Within the depths of Spartan Stadium, sharing space with a horse-drawn hearse, carriages and boats was a lone automobile — a 1903 Curved Dash Oldsmobile put together by Lansing auto pioneer Ransom E. Olds. |
The antique roadster was pulled from the storage area it had been stashed away in for about a decade Tuesday morning and driven very slowly down a ramp of Spartan Stadium, all the while strapped to a Smart car just in case the brakes failed.
“We have it on good authority the last Nike Air Max 180 person to ride in it was R.E. Olds himself,” said James Perkins, chairman of R.E. Olds Transportation Museum board.
The vehicle will be on display at the R.E. Olds Museum in Lansing while on loan from Michigan State University. Olds built the car specifically for MSU.
Known as the first mass-produced gasoline automobile, the Curved Dash was also the most popular model during its heyday between 1903 and 1907, at one point making up about 40 percent of all cars on the road during that time, said Jim Walkinshaw, an Oldsmobile historian and former R.E. Olds Transportation Museum board member.
The car debuted in 1901 and about 19,000 Curved Dashes were built during the production run. They sold for about $650 and were considered an affordable option at the time.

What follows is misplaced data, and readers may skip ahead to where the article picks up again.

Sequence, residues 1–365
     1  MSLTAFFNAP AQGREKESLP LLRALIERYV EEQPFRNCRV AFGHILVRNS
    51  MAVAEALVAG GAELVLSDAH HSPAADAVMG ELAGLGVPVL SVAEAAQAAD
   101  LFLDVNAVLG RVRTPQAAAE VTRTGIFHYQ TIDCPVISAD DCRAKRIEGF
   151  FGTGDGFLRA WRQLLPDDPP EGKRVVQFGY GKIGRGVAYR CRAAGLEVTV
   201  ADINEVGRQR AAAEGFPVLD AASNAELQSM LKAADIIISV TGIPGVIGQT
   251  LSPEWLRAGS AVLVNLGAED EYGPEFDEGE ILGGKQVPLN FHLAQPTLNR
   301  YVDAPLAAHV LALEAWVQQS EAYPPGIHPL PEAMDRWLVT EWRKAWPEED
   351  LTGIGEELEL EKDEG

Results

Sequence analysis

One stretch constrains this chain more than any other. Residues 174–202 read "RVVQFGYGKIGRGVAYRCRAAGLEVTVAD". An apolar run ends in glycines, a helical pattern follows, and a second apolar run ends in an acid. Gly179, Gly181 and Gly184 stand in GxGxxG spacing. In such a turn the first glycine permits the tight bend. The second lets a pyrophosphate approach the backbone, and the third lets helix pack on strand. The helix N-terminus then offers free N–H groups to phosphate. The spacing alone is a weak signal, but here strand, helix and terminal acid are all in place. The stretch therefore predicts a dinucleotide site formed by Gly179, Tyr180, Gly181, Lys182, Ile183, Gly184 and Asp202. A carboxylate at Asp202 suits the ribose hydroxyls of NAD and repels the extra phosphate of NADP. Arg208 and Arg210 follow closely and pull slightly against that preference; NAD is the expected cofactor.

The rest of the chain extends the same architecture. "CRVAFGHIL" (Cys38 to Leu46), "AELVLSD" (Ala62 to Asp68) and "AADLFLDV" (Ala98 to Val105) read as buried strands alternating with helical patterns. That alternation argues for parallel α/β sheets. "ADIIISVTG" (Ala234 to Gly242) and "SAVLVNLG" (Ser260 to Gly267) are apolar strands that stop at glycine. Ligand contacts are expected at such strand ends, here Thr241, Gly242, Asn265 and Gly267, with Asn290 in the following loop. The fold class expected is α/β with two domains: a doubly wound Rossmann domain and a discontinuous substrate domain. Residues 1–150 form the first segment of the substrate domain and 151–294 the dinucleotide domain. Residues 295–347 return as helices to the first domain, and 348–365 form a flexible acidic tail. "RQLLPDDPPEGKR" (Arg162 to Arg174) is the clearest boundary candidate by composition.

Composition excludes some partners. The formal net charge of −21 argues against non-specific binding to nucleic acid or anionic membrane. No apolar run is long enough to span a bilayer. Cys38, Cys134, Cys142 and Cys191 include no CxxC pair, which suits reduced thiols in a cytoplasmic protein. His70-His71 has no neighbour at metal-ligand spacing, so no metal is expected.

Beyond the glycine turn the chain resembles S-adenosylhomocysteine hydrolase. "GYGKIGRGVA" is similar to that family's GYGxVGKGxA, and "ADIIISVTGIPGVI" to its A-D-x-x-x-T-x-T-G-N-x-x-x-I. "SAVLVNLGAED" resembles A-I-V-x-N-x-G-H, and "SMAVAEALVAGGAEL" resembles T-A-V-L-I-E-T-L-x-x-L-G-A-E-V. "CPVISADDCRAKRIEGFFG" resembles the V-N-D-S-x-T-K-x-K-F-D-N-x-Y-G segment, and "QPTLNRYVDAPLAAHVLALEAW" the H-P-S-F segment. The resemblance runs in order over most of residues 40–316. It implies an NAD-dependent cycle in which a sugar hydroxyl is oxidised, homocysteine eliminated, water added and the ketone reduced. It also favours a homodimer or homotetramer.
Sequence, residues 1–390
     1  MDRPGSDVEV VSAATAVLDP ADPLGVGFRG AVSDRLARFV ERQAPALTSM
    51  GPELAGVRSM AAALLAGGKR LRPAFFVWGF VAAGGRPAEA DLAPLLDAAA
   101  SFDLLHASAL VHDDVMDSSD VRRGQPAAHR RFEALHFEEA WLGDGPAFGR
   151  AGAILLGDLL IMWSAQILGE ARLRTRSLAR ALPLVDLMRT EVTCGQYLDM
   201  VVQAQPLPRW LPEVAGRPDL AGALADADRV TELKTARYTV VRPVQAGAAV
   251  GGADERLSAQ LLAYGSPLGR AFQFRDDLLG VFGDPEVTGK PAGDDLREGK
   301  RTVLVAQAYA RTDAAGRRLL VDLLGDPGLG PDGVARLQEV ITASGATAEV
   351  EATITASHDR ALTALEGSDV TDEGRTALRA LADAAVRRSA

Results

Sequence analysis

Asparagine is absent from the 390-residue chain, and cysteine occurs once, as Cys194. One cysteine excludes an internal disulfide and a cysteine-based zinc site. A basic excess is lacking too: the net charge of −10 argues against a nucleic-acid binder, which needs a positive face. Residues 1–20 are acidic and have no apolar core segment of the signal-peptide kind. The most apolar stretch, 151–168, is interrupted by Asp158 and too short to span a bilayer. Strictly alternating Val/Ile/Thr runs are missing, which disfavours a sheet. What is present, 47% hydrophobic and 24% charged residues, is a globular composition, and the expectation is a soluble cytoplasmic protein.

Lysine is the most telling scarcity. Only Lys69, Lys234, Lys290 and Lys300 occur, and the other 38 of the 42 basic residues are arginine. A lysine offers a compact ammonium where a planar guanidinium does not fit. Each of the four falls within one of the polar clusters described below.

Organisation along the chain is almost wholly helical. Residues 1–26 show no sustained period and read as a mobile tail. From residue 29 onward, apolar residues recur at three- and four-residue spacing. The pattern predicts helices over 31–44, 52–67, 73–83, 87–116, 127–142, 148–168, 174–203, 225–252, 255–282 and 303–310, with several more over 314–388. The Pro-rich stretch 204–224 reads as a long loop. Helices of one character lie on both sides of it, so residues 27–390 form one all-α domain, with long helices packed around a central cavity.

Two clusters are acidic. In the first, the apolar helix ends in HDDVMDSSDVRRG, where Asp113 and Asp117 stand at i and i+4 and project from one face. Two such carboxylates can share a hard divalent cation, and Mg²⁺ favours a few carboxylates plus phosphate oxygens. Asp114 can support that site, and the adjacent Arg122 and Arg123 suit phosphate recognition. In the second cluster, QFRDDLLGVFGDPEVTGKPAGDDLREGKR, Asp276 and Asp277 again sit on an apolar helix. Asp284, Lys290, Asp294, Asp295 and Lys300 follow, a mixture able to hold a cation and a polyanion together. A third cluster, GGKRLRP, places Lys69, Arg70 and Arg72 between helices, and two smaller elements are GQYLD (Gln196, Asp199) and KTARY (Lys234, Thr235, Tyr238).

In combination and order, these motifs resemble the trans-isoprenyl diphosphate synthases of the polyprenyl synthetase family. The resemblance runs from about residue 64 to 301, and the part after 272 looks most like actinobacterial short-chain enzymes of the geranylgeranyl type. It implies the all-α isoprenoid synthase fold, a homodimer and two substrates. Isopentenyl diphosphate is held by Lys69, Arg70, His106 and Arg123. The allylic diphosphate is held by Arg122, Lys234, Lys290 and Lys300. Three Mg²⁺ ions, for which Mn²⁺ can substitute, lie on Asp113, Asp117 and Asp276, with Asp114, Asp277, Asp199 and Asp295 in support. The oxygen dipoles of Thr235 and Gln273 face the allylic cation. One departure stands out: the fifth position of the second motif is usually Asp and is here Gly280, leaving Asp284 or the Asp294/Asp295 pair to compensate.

Walkinshaw took to the Olds’ driver’s seat Tuesday, controlling the tiller in the vehicle he said “steers like a dream,” though the donated MSU auto does need “a lot of work.”
The car’s maximum speed is 20 miles per hour, “not very fast, but when you’re coming from a horse, 20 miles per hours is not bad,” Walkinshaw said.
The Curved Dash is named for the curve of the dash, modeled after the curves in wagons to keep mud from splashing onto the driver and passengers, said Val Berryman, curator of history for the MSU Museum.
R.E. Olds Transportation Museum officials first contacted the MSU Museum about loaning the car about a month ago, Berryman said.
R.E. Olds originally put together the vehicle in 1947, using a 1903 body and adding various parts, he said. He donated the vehicle to MSU so the university could own an example of a Curved Dash Olds.
The vehicle had been on display at MSU until about 10 years ago when it was moved to make room for a changing exhibit space, Berryman said.
Three generations of R.E. Olds’ family were at Air Max Shoes 2009 Spartan Stadium to witness the move, including Olds’ granddaughter through marriage, Doris Anderson, 91.
“It’s startling because I didn’t know it was here,” she said.
The vehicle will be on display next to the oldest Oldsmobile in existence — an 1897 model on loan from the Smithsonian in Washington, D.C., Perkins said.
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